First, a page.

Over the course of the last week, I've joined more than 4200 representatives from 198 nations to listen to dozens upon dozens upon many more dozens of speakers address many of the most challenging issues of our age. Here are a few lessons I learned along the way.
The Third Lausanne Congress on Global Evangelism should have been called The Lausanne Global Gathering. Many delegates were led to believe that we would have the opportunity to speak into the issues the church is facing. Using the word "delegate" to describe our involvement as well as the word "congress" suggested each of us would be given an opportunity to address issues as diverse as Scripture, poverty, AIDS, human trafficking, the shift of power taking place around the globe, and many more.
But the statements and papers issued at the Congress were written beforehand by a group of academics from around the world (many of whom I respect and appreciate very much!). For the first few days, I kept wondering, "When do we get to watch and participate in the exchange of ideas in a meaningful way outside of our assigned table groups?" Then I finally figured out the only outlets were the multiplex afternoon workshops where some of the academics would sit in and listen to the presenters and the very limited question and answer time with participants.
Once I wrapped my head around this discovery and figured out that the real purpose of placing 5000 people in a convention center was really for a "Gathering" rather than a "Congress," I had a ball and made the most of my time in and around the event focusing all of our energy (and then some) on hanging out and relationship building. Truly, the brilliance and power of Lausanne is creating a forum for unlikely people and outreaches from around the globe to connect.
Lausanne offered a microcosm of the macro-challenges faced by the church around the world. Throughout the week, almost everyone I encountered felt marginalized in one way or another. I met a woman from a notable U.S. church who mentioned that her pastor couldn't attend because he was "a white man over 50" and the U.S. delegation already had too many representatives from that demographic. A man serving as a missionary in Israel was frustrated that key leaders from the Messianic Jewish community fighting for peace in the Middle East were not present (though other Messianic believers as well as Arab were represented). I listened to a passionate Native American (who loves lattes) express his concern over the low Native American representation, a Hispanic concerned with the disproportionally low Hispanic representation, women express disappointment with the low female attendance (and a speaker who went out of his way to correct the first female Bible expositor but affirm every male Bible expositor), and I could keep going on and on until everyone was represented.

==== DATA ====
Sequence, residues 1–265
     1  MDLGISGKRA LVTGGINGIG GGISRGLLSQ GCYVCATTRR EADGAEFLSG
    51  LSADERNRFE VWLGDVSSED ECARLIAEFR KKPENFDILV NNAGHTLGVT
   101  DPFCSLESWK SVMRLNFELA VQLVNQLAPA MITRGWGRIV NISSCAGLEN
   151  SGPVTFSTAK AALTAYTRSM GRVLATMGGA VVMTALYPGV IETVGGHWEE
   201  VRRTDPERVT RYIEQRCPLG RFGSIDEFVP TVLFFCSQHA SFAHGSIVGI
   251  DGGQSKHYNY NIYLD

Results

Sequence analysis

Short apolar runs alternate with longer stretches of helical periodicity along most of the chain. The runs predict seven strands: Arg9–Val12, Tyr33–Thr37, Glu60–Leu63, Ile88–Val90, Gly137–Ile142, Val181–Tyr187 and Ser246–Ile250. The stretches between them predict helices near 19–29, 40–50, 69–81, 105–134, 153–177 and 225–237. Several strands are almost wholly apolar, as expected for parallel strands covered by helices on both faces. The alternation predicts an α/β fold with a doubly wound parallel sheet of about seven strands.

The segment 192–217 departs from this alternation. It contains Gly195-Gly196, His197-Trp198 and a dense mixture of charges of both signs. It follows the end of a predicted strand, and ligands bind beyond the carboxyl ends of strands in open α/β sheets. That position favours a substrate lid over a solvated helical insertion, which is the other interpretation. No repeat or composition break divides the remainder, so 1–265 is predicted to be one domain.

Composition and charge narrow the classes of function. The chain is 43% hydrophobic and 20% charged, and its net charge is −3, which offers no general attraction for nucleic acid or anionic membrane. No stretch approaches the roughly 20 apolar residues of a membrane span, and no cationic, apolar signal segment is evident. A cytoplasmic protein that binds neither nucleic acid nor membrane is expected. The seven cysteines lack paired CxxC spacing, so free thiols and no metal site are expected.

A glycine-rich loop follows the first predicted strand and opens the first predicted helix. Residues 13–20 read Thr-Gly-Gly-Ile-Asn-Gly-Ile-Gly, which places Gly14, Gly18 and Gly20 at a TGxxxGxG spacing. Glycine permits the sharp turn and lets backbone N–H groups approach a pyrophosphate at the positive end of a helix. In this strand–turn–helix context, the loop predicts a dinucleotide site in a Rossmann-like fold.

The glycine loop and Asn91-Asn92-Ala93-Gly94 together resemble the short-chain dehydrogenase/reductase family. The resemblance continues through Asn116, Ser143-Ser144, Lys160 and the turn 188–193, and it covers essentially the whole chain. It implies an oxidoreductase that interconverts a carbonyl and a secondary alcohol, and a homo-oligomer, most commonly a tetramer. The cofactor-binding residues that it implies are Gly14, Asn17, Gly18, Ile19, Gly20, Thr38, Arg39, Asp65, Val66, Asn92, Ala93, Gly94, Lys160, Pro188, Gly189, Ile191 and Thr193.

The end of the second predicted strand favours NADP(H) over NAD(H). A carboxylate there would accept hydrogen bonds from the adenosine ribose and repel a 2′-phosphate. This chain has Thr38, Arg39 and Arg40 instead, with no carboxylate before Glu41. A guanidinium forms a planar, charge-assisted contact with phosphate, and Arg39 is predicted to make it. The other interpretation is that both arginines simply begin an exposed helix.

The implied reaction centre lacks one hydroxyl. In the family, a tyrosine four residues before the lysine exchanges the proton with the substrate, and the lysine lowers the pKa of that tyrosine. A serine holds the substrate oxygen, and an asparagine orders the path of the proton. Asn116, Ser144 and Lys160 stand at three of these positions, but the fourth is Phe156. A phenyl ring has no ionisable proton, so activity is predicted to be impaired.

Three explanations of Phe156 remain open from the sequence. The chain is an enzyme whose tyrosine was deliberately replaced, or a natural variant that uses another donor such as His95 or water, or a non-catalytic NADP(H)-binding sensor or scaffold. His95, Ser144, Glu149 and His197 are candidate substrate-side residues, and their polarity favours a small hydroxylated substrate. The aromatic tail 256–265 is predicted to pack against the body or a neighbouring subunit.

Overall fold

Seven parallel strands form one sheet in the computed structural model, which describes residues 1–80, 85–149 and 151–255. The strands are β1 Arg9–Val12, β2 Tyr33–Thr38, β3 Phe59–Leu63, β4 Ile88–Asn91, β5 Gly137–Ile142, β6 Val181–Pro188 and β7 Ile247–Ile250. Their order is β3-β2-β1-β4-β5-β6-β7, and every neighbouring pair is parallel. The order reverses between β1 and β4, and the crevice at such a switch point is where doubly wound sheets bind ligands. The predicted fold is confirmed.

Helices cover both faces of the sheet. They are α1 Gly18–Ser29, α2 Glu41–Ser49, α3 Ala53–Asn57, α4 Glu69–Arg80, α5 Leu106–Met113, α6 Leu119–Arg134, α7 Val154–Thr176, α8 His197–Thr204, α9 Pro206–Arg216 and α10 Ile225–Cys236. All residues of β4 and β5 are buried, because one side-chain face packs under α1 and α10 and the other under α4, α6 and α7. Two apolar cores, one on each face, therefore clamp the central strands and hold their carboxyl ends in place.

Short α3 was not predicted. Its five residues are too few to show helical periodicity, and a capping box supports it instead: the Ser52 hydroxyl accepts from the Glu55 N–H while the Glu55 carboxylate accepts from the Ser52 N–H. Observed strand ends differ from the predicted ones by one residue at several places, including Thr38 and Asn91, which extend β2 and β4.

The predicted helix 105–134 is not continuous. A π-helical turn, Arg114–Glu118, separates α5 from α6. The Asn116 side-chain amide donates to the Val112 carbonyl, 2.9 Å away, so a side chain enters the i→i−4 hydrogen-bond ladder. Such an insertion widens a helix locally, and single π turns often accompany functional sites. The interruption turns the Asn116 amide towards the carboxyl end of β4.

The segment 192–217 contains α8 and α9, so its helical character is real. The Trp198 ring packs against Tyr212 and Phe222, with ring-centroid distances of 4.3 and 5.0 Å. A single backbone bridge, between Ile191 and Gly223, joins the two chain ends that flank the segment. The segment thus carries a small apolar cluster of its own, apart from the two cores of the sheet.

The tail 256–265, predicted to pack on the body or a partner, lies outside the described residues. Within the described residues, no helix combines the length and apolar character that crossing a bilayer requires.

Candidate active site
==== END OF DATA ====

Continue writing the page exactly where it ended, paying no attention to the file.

But I don't have space.
And neither did the Lausanne committees. Though I shared some of the frustrations, I came to a place on day five, when I finally realized: We all feel marginalized in some way. That's the human condition. Extend grace. Move on.
At the end of the day, it's not about you or me. In the church and in ministry, we will all encounter moments when we feel marginalized and unintentionally marginalize others, but we must learning to work and serve together without resorting to the "It's not fair!" refrain that can divide and undermine our reputation to the world around us. We must learn to display what it means to madly love God and one another in spite of our sense of inequality.